The Easter Sunday murders of two convicted sex offenders by a young vigilante from Canada who took his life hours later as police closed in on him was voted the top Maine news story of 2006.
Stephen Marshall, a 20-year-old dishwasher at a Nova Scotia restaurant, selected his victims from the state’s online sex offender registry, driving his father’s truck to their homes in Milo and Corinth and shooting them to death.
Spurred by the murders, the Legislature is poised to re-examine the sex offender registry law with an eye toward assigning risk levels to those whose names appear on the list.
The top stories were selected in a year-end poll of Associated Press member newspapers, broadcasters and staff in Maine.
The runner-up in the balloting was another shocking multiple slaying centered on a holiday, the Labor Day weekend killings of three women at the Black Bear Bed & Breakfast in Newry and a man in the woods of nearby Upton.
Christian Nielsen, a 31-year-old cook, faces four counts of murder in the shootings of the Black Bear’s owner, her daughter, her daughter’s friend and a man who was staying at the inn. As Nielsen awaits trial, the motive for the killing spree remained a mystery.
Maine’s top political battle was the referendum on limiting state and local spending in which voters rejected the proposed Taxpayer Bill of Rights, a story voted No. 3. But the outcome was much closer than that of the failed property tax cap in 2004, leading many to suggest that tax relief will be near the top of the Legislature’s agenda in the coming session.
Ranked fourth in the poll was the Mother’s Day floods that ravaged York County, driving hundreds from their homes and causing millions of dollars in damage to homes, roads and bridges. Some towns were inundated by more than a foot of rain, with the downtown streets of York Beach turned into rivers as businesses were making final preparations for the summer tourist season.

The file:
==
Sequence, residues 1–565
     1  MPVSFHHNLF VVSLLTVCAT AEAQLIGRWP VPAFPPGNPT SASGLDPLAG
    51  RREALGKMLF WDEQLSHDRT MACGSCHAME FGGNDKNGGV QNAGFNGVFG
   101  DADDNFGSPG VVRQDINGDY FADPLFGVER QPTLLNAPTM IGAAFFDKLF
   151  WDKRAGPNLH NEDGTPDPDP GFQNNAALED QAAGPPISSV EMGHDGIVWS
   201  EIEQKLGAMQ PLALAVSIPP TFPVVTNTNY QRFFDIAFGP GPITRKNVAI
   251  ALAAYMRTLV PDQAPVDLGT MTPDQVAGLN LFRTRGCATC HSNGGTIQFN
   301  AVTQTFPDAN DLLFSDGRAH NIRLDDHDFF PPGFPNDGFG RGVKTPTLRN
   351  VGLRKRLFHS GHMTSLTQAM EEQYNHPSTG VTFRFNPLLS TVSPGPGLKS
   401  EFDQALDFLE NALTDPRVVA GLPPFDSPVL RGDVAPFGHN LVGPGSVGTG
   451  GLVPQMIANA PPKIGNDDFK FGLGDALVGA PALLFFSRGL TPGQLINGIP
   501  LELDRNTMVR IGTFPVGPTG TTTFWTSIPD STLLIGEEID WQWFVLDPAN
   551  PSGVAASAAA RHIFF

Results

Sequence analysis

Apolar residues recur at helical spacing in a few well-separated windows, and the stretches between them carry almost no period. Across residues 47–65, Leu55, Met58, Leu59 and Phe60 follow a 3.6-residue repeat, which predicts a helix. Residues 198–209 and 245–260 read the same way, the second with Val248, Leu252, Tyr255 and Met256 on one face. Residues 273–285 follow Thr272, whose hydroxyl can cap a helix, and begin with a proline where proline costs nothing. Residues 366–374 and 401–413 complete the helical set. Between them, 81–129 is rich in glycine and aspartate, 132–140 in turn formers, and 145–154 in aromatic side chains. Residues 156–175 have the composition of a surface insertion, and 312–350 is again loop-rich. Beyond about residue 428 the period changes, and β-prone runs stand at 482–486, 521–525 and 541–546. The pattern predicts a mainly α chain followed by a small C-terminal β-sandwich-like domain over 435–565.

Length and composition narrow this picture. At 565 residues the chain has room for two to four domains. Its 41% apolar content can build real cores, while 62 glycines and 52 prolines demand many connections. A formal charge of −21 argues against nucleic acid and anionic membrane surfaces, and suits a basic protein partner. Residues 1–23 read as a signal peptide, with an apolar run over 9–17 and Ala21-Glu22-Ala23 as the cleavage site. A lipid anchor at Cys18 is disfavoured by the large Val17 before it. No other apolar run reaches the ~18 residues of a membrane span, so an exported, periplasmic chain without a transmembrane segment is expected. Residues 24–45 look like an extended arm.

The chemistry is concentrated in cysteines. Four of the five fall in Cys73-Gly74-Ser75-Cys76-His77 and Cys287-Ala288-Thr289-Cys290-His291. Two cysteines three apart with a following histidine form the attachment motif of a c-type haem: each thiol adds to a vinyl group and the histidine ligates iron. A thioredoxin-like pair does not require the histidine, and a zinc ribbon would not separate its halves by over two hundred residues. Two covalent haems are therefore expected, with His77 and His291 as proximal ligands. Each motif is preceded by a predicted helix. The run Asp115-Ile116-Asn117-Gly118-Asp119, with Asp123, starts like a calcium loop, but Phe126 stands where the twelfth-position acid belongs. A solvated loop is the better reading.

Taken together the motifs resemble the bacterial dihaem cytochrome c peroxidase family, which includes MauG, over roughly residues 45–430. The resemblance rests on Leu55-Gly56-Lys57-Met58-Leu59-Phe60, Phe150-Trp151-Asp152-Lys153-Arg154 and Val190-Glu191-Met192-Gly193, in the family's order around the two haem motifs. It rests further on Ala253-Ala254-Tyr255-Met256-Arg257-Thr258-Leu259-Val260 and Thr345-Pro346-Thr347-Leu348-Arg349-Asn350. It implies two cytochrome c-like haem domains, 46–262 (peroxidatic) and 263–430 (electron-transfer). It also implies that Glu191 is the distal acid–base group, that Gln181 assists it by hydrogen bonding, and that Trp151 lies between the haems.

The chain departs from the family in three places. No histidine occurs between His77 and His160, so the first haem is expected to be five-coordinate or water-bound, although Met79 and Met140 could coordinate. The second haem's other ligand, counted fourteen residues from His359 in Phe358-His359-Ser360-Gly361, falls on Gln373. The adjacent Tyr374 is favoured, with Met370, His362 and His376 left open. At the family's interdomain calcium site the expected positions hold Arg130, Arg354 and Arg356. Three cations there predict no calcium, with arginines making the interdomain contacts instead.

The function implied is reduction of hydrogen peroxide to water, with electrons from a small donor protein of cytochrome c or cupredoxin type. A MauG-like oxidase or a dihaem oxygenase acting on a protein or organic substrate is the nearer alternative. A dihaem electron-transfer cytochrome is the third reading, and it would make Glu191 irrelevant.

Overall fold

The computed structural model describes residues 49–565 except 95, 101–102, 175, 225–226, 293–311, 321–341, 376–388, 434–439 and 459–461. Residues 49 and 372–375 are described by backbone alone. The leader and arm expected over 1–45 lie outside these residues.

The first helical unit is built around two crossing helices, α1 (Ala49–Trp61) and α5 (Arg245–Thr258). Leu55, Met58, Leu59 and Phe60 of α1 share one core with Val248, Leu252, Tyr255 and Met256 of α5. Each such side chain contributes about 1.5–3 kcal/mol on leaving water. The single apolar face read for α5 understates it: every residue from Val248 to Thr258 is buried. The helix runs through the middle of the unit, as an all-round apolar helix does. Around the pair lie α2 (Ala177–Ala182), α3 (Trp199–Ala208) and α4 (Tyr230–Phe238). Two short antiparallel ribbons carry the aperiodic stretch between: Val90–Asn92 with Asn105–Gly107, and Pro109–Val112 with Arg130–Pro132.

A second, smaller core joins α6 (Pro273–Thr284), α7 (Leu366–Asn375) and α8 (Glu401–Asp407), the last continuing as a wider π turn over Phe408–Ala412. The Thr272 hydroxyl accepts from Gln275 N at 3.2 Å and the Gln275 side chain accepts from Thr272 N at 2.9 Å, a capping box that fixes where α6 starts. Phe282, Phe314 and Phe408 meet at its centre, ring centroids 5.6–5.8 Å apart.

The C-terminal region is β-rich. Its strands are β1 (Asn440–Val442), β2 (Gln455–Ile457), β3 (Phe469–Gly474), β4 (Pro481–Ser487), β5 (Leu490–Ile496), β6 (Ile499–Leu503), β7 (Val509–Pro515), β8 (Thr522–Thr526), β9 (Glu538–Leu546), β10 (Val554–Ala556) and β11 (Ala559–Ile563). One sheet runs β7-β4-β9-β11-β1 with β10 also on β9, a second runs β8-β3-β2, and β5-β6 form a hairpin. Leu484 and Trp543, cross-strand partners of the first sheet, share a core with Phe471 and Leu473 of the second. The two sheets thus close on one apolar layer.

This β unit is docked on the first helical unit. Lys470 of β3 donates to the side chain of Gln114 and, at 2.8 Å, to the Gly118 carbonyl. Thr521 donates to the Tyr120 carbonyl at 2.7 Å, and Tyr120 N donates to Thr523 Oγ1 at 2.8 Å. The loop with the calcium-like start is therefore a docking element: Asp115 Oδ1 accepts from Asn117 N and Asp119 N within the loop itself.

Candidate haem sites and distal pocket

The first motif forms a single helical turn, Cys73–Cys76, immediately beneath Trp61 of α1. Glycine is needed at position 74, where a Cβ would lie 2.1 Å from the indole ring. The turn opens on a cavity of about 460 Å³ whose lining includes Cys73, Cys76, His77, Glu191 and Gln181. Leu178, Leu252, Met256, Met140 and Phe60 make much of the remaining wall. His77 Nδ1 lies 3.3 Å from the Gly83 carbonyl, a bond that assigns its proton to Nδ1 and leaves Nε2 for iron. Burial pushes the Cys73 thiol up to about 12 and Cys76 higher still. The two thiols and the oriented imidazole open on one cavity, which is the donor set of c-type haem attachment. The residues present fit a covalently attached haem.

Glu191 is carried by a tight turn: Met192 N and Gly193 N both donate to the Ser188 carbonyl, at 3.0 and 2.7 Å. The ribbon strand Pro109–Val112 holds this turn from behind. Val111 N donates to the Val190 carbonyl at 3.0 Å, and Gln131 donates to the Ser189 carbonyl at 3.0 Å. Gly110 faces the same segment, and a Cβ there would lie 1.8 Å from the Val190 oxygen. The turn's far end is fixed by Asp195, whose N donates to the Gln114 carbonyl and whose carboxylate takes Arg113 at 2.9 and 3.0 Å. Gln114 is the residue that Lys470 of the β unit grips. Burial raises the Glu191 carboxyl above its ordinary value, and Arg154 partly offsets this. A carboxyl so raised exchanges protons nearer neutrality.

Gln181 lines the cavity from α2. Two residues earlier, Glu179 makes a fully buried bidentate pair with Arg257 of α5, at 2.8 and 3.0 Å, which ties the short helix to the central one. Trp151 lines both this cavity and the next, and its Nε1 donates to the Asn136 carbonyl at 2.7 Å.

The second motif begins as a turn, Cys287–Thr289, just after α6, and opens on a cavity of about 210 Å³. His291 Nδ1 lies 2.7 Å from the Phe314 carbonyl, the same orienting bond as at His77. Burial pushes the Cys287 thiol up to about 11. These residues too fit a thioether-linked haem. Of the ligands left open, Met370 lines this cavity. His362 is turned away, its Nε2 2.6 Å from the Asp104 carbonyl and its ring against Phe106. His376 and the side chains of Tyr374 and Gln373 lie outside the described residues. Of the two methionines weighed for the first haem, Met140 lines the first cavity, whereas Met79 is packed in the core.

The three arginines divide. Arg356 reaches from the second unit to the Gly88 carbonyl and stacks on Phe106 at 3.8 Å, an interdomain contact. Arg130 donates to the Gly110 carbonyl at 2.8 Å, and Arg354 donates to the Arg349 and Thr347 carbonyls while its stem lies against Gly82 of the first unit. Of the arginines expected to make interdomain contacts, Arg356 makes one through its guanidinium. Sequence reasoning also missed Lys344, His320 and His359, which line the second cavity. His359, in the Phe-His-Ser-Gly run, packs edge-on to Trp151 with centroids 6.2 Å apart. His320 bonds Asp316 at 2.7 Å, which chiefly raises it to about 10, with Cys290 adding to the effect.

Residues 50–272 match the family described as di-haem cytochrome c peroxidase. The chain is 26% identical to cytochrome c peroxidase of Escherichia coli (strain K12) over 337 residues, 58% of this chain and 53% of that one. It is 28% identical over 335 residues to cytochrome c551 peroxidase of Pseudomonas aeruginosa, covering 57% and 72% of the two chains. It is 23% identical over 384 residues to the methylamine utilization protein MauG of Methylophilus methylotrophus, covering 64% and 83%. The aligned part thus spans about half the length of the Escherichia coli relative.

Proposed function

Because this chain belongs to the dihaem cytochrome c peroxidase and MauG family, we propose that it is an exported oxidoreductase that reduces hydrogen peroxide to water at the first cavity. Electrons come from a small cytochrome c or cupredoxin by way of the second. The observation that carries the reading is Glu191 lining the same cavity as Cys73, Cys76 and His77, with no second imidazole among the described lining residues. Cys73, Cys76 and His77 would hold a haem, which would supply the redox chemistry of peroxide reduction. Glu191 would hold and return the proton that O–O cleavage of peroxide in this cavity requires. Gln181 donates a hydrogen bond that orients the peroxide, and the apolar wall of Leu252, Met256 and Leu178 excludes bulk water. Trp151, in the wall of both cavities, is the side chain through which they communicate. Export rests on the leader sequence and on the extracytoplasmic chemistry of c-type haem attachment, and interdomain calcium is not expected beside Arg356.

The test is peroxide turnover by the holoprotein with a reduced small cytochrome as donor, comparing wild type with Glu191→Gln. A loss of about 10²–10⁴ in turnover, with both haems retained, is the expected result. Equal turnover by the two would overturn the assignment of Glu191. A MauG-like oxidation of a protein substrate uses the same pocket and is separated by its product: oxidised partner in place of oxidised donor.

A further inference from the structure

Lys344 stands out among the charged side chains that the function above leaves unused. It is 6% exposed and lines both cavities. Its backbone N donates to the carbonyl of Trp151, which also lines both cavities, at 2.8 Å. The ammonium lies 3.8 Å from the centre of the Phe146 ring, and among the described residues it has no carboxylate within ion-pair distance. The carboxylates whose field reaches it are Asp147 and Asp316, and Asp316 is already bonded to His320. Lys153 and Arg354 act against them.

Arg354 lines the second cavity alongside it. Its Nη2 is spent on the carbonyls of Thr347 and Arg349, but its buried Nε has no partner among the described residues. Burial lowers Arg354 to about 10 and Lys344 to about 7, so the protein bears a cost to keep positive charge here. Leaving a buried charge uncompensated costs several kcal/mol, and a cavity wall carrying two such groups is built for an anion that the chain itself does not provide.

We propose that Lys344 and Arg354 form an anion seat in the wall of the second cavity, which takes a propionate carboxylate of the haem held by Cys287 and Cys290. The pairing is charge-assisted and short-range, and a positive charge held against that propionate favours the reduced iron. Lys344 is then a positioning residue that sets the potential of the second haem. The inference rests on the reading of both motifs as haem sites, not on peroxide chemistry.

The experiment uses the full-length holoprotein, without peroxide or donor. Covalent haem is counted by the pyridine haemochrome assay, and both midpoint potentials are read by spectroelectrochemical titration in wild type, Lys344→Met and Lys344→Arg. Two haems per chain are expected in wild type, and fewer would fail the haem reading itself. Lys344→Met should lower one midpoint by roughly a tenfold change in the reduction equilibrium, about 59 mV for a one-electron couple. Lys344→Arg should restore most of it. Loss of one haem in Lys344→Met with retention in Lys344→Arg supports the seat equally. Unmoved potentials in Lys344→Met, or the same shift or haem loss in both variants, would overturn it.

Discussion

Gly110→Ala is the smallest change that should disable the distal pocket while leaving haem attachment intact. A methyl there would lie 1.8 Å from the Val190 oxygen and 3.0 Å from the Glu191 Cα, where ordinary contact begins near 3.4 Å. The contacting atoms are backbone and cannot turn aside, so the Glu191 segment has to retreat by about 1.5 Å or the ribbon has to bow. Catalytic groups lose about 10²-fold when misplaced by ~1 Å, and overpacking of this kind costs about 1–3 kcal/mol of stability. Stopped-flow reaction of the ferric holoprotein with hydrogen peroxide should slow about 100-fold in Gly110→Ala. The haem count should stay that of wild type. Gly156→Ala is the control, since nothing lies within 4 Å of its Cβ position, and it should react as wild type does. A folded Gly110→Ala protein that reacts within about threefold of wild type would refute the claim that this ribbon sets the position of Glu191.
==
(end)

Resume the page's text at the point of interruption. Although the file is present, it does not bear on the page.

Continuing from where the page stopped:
A family dispute landed in the tabloids when a North Yarmouth couple was accused of abducting their pregnant 19-year-old daughter in an attempt to drive her to New York and force her to have an abortion. The trip ended when the daughter slipped away and called police in New Hampshire. The story was voted No. 5.
In sixth place was the shutdown of the Georgia-Pacific Corp. pulp and paper mill in Old Town, an economic blow that included the loss of more than 400 mill jobs. Months later, the idle mill was sold to an investor group that planned to diversify operations and eventually provide even more jobs than before.
A plane crash in June that killed three Lewiston High School students and the pilot was ranked seventh. The students were taking part in an Air Force Junior ROTC program when the Cessna 172 slammed into a mountainside in Newry.
The No. 8 story was the conviction of a former Kittery Town Council chairman accused by federal prosecutors of running a brothel and conspiring to launder millions of dollars in profits. Former lawyer Gary Reiner was sentenced to five years in prison.
There was a tie for ninth place between the November gubernatorial election and the pig’s head incident in a Lewiston mosque.
Gov. John Baldacci was re-elected with nearly 40 percent of the vote in a five-way race. U.S. Sen. Olympia Snowe and U.S. Reps. Tom Andrews and Michael Michaud also were returned to office in top-of-the-ticket races that produced no surprises.
A Lewiston man accused of rolling the pig’s head into the mosque during evening prayers maintained it was simply a joke, but others were not amused. A judge granted the state’s request for a preliminary injunction against Brent Matthews, 33, who also faces a criminal charge.
The balloting took place before six people, including four recent high school graduates from Lewiston and Auburn, were killed in a collision on icy Route 122 the day before Christmas. Investigators have not yet released their conclusions.